I was in the middle of cleaning instruments when I heard a commotion from the barn. The owners went running past me towards the barn, and I could hear someone yelling help. “We’ll just euthanize him” the owners was saying as we all ran towards the barn. I had obviously missed something, and didn’t know who or what was being euthanized. “He’s going down!” The owners sounded panicked, and I arrived at the stall to see the gelding buckling his knees. “Just euthanize him on the lawn.” The husband said decidedly. My boss was helping to hold the horse against the wall of the stall. She looked mostly confused but there was a hint of some other emotion I couldn’t recognize. From between the gelding’s legs, blood was gushing down and into the shavings between his feet.

“What option do we have? We can’t put any more money into this.” The clients kept saying. My boss was now looking concerned, a look I haven’t seen too often. She usually exudes confidence, but definitely didn’t exude that when she was studying the profuse amount of blood coming from the incision site. The hemorrhage was significant enough that now I felt the real weight of the situations urgency.

“Your options? The referral hospital for surgery. Or we can euthanize him. Or we lay him down again?” The owners quickly shot down the hospital option due to finances and said to just euthanize him…and quickly before he collapsed in the stall and further complicated the situation. “Euthanize him?” There was no hiding the surprise in my voice. “We’ll just lay him down again.” I said. “I’ll draw up the drugs.”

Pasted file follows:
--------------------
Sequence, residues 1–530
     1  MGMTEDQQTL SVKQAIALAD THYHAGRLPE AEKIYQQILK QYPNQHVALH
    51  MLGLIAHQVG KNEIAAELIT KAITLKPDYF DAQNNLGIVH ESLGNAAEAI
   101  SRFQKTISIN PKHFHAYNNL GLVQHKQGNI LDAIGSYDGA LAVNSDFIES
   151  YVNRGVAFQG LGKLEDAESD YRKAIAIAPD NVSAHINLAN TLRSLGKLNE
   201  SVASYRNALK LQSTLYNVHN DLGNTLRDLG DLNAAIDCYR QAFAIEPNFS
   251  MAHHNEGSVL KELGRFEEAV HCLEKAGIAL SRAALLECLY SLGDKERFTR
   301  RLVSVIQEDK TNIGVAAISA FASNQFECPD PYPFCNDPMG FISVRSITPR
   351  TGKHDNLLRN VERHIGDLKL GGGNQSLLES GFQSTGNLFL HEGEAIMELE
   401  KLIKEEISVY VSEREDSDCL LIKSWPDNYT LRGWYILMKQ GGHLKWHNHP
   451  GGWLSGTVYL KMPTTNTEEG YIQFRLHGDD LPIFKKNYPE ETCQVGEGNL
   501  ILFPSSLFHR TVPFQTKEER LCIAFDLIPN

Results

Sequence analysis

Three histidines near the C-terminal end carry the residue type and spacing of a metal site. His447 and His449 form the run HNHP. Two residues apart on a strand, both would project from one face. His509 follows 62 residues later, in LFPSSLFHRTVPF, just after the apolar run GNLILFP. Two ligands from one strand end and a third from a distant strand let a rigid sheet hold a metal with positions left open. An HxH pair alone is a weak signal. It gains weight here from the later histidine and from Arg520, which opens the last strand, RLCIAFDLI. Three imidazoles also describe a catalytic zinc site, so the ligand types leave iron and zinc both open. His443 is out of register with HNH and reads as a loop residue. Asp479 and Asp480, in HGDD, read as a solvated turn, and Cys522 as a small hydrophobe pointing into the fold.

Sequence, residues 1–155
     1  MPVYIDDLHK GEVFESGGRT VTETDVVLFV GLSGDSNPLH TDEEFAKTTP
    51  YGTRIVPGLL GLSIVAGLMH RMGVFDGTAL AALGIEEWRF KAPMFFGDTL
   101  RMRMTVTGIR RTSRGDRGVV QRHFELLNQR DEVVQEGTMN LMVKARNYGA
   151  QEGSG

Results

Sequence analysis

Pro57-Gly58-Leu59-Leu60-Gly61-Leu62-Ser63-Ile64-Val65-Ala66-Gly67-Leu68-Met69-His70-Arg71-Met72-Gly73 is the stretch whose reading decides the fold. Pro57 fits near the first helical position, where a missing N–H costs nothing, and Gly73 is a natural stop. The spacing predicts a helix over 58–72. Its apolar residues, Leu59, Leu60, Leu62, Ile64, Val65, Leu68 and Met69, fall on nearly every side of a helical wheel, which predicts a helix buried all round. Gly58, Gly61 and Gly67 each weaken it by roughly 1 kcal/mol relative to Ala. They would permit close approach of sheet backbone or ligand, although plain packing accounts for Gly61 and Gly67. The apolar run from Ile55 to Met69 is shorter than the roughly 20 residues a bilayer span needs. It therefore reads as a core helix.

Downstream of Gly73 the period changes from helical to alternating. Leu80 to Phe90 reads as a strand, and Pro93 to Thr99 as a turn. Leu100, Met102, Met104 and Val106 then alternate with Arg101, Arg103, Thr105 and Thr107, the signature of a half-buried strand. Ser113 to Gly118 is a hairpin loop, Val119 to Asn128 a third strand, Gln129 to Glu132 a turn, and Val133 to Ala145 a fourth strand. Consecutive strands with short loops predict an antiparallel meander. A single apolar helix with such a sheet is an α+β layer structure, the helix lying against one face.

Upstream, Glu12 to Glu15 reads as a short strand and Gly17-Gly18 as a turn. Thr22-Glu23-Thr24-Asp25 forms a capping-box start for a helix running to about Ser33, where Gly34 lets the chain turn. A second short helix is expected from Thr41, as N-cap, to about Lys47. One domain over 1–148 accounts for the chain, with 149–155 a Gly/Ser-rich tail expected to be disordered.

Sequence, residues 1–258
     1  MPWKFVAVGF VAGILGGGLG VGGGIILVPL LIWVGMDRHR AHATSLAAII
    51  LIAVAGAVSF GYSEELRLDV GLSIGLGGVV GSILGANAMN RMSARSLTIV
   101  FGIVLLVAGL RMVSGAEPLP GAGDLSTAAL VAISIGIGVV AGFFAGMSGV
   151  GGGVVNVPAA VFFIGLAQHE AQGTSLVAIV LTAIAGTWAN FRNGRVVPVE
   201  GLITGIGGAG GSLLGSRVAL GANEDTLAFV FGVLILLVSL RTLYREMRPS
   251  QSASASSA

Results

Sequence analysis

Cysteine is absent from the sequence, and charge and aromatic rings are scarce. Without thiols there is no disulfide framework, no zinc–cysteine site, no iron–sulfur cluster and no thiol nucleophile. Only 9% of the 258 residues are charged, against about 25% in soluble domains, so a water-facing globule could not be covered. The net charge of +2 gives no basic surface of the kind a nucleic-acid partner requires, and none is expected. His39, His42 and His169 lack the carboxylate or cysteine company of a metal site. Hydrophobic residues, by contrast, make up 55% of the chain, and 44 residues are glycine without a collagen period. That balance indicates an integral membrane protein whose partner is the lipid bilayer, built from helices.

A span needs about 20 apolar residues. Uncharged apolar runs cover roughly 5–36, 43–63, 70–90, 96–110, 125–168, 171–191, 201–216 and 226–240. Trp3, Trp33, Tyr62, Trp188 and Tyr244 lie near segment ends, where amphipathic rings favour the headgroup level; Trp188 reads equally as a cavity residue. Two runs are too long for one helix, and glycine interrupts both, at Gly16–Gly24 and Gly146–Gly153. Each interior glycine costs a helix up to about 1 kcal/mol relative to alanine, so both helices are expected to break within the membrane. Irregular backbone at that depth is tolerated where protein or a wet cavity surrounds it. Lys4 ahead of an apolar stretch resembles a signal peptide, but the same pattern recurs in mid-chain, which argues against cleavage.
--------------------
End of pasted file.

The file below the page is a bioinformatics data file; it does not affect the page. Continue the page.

“A third time?” The wife asked me.

“I’d lay him down 5 more times before going the euthanasia route. After I give him the drugs, he’s going to be out for awhile. He’ll be in a very deep sleep so we’ll have time to really get in there and find the bleed.” A Drew up my anesthetic protocol, a combination of ketamine and diazepam that put the gelding on the ground again, this time in a very deep slumber. After performing over 200 anesthesia at the internship, I developed a dependable anesthetic protocol and I have complete confidence in both my drugs and their dosages. My go to IV pre-mads are butorphanol and xylazine, and my induction drugs are a combination of diazepam and ketamine. A small bump of ketamine extended the anesthesia time, and kept the gelding out for the entire time that was necessary. My boss explored the incision site, welding handfuls of clotted blood and searching for the source of the hemorrhage. At one point, the gelding was so still my boss asked if he was still alive. As if right on cue, the gelding took a slow deep breath. I rinsed the area as my boss explored the cavity, feeling around blindly. When her gloved hand emerged, it was holding the end of a large bleeding vessel and shredded wisps of soft tissue. The testicular cord had been torn, which had resulted in the hemorrhage. My boss placed three transfixating ligatures, and afterwards we both studied it for bleeding. When no bleeding occured, she let the cord recede back into the incision.